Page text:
Tuesday, March 11, 2008
A little bit of what you fancy does you good
The other day at Clarendon Al turned to me and said, "There's a lot to be said for this kind of thing".
For a man who's long subscribed to the philosophy of if you can't eat it don't plant it, this was a turnaround, but not an unexpected one. The garden has become something of An Issue, at times even A Point of Contention, and once or twice sharp words have been spoken over who has failed to do what. This in turn is a cause for resentment - how has it come to pass that a place that for so long was a touchstone of my identity, one of the few rem(a)inders of a pre-child me, has turned into just one more thing to do?
Occasionally I read about the most luscious of gardens, filled with good things to eat, and apparently kept going on ten minutes a day. I've not managed that. The watering, the planning, the care of the soil eats into my time and is always managed with Nell on my hip and Lu tripping along beside me, wishing we were playing 'foot stuck'*. So we've had some nice veggies from the garden this year but aside from the peaches and zucchinis, not the bounty I'd hoped for.
But that's okay. For the moment I'm giving up my The Good Life dreams and recognising that I'm not a peasant and my family won't starve without a big harvest of tomatoes. I'm reading Jackie French again (and again, and again) and she writes that total self-sufficiency is a grim prospect; much better to grow what you want, what gives life richness and depth. Just growing anything without pressure does that for me, but the following things give me particular joy:
* towers of corn
* beefsteak tomatoes and cherry tomatoes for salads
* new potatoes for boiling and frying
* as much pesto as possible
* broad beans to eat with Morrocoan meals and in a dip with goats feta
* raspberries, raspberries, raspberries
* lots of different lettuce for salads
With these in the garden, I don't feel poor or put upon. No-one wants to skimp and when I grow my own I don't have to. So while I'll keep planting other things, it doesn't matter so much what happens with them. Because the other luxury in my life is time when there's nothing demanding to be done. And at the moment, this is in inverse proportion with the number of plants in the veggie garden.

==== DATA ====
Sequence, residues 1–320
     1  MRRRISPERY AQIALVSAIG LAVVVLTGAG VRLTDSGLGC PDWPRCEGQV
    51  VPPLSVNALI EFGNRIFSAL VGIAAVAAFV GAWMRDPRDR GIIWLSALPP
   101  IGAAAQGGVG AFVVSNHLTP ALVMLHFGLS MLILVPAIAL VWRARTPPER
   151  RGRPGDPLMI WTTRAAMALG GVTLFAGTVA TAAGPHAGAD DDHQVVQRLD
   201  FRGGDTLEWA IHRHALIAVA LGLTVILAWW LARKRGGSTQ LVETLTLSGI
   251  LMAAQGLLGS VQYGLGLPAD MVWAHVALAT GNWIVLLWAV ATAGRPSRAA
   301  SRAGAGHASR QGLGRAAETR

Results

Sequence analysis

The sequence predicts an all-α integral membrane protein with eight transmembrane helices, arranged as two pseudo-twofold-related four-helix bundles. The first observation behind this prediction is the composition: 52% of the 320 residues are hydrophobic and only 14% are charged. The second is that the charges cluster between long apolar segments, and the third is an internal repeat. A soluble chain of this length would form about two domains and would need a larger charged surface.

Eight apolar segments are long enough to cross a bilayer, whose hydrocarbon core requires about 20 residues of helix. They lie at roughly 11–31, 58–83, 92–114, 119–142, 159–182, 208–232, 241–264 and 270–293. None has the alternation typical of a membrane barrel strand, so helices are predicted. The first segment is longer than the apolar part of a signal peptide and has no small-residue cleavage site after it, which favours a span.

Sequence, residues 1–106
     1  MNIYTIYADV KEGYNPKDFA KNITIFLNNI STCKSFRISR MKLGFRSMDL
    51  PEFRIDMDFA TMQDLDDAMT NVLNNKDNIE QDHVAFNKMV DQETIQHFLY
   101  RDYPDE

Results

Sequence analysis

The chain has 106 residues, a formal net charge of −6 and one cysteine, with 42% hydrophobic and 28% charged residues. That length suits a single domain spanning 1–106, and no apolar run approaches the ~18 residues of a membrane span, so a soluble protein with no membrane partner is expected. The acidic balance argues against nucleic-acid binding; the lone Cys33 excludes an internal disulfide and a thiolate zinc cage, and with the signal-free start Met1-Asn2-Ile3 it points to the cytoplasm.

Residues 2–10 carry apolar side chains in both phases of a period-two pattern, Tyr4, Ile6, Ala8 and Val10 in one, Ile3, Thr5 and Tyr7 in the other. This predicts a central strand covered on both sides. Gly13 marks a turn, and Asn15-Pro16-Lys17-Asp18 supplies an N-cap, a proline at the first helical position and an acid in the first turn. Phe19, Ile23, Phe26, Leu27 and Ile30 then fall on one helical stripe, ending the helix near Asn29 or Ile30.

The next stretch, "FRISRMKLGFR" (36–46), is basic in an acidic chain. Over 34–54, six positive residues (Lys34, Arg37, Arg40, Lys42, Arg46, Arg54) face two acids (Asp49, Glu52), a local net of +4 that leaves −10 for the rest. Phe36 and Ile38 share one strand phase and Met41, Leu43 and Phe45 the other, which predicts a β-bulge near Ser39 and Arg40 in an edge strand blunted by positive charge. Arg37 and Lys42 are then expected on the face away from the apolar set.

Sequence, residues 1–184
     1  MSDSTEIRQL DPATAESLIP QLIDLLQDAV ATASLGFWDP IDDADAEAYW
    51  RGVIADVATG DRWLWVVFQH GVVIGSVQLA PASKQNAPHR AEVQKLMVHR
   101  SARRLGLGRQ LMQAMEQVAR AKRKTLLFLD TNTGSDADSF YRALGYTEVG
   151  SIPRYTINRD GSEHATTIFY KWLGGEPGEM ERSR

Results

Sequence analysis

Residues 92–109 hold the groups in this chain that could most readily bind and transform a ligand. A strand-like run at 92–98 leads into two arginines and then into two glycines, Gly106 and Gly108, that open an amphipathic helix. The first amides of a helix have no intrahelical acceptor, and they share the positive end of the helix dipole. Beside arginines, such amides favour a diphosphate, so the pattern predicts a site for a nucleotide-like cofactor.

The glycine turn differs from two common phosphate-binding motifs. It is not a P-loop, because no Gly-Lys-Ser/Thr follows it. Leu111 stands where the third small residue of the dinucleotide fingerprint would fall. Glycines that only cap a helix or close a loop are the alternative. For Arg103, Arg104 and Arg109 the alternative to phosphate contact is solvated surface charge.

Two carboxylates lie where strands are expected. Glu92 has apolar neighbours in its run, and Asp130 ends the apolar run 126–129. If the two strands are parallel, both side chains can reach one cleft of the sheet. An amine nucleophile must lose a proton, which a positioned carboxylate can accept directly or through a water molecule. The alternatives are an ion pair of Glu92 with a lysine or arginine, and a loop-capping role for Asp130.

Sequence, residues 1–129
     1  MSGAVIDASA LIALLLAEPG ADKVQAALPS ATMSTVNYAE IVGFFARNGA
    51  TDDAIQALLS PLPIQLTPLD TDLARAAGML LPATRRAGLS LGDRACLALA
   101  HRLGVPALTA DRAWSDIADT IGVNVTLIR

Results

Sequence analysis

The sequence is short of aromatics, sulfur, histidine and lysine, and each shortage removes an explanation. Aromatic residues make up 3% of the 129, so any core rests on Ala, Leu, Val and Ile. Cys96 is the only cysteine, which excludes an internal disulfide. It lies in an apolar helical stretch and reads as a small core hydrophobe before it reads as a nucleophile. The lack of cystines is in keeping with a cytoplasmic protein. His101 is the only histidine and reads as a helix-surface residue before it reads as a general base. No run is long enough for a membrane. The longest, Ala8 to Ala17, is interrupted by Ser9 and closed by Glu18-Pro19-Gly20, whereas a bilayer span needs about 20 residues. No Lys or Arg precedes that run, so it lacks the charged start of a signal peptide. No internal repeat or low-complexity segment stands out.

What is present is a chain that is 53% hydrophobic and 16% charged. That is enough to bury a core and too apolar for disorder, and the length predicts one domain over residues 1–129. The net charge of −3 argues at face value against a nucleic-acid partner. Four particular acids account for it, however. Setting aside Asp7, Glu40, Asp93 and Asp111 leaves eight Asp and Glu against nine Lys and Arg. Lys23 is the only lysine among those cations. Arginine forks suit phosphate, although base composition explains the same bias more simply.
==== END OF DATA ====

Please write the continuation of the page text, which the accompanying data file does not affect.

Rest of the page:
But thing thing that got me thinking and remembering was a comment from French's website: flowers are important. It's hard to feel deprived with a big bowl of pink roses in the room. But I want the right kind of flowers. I'm not so keen on those prim little buds in pink, red and yellow; I like things overblown and colourful, generousity spilling out all over. When it comes to flowers I like an excess of gorgeousness. Al, ever the poet, put it this way: "I don't really notice it but it's nice to have some things in vases something over there". Indeed.
We've had flowers in the garden this last, rather difficult year. But I've not often made the effort to move them into the house. It's been another 'one more thing'. When picking flowers gets mixed up in a general feeling of hopelessness about the garden, the house, the washing, the grocery shopping, the general never-ending-ness of domestic tasks, then it's time to do something about how I see the garden and about how I see my life.
So it's back to a re-think. This is always hard for me as I can be a little ... rigid. But there's something liberating and exciting about letting go of old expectations and allowing new ways of being in my life and my garden to emerge. I'm thinking many big, vulgar, pink roses (which is just how I like them), poppies bobbing in happy drifts, tulips, irises and lupins and anything else that takes my fancy. I've got at least half of these things in the garden already; the trick is to remember it, and when the glass feels half empty, to fill it with flowers.
* I get my foot stuck in a rock in a tidal river and Lu rescues me from certain drowning with a reed through which to breathe and levers to move the rock. I am tearful and grateful and hail her as a hero. And repeat.